The airline business is replete with mystery. It starts with basic physics: How the heck does a 400-ton tube of steel get off the ground? Then there's the increasingly dubious business proposition: Exactly why are United Airlines, US Airways, and Delta Air Lines, among others, still with us? But there are myriad smaller mysteries, too — somewhat less essential questions that most business travelers, inured by now to almost anything, take for granted. Not us.
1. Why can't I use my cell phone?
Can your mobile phone bring down a 747? In 1991, the Federal Communications Commission, worried about interference with cellular transmissions on the ground, barred cell-phone use in the air. The Federal Aviation Administration, concerned that radiation from phones might hinder airline equipment, agreed.
But there's no scientific data to back either claim. The University of Oklahoma's Wireless EMC Center found that cell phones have no effect on onboard equipment. Stig Nilsson, an engineer at consultancy Exponent who has long studied electromagnetism, agrees. The ban, he says, is about "fear of the unknown." He concedes, however, that silencing cell phones is just as well, since "no one really needs them anyway."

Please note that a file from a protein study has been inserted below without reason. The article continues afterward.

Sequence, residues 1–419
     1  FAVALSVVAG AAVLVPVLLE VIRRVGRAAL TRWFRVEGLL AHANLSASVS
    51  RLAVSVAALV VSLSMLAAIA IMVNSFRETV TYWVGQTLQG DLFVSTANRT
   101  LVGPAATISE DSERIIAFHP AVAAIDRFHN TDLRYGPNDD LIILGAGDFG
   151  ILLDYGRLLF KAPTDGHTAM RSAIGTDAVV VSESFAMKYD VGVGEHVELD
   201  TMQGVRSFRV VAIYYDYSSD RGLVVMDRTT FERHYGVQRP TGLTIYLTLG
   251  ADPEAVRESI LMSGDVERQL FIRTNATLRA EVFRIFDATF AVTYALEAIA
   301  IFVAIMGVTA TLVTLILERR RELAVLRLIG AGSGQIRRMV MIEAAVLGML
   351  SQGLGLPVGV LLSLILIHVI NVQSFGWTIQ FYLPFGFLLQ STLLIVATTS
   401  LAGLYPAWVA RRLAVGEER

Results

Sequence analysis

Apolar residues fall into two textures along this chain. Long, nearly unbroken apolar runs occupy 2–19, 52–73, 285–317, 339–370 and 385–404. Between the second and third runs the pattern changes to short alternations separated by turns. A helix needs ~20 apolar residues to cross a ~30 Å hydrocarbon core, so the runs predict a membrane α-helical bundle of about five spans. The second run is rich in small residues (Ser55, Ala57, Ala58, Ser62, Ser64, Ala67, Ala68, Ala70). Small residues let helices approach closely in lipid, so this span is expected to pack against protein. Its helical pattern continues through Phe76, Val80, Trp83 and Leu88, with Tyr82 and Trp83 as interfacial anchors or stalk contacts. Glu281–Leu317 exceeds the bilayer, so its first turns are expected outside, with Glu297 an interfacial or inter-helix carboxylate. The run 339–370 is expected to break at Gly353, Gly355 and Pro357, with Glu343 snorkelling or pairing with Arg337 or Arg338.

2. Has that blanket been washed?
The woman to your right sneezes on her blanket. The guy to your left is drooling on his. Are you sure your own airline blanket is clean? A 2000 report by the Union of Needletrades, Industrial, and Textile Employees (UNITE) revealed that although torn or stained blankets were removed, the rest, including some described as "rotten" or "moldy," were just repackaged and restowed. UNITE says it has been unable to continue its research post-September 11. And most of the many airlines we contacted declined to discuss their blanket policies. The Association of Flight Attendants didn't return calls and Royal Airline Laundry, laundry service for many airlines, refused comment. Our advice: Next trip, pack your own blanket.
3. Why Was I Bumped?
The odds of being bumped from a flight are just 1 in 11,628. So when the gate agent fingers you for ritual sacrifice just before the LAX-to-O'Hare haul, you wonder: Why me? Why, you're a card-carrying platinum elite member! But it turns out that frequent-flier status isn't bulletproof. Same for your need to make a connecting flight. "You may receive priority," says a United Airlines spokesperson. But no promises.
The sad fact is, you probably checked in late. Airlines insist — and independent experts confirm — that check-in time most often determines who gets left behind. How to avoid a jetway jettison? Try flying JetBlue, the only U.S. airline that didn't bump anyone in 2003.
A version of this article appeared in the January 2005 issue of Fast Company magazine.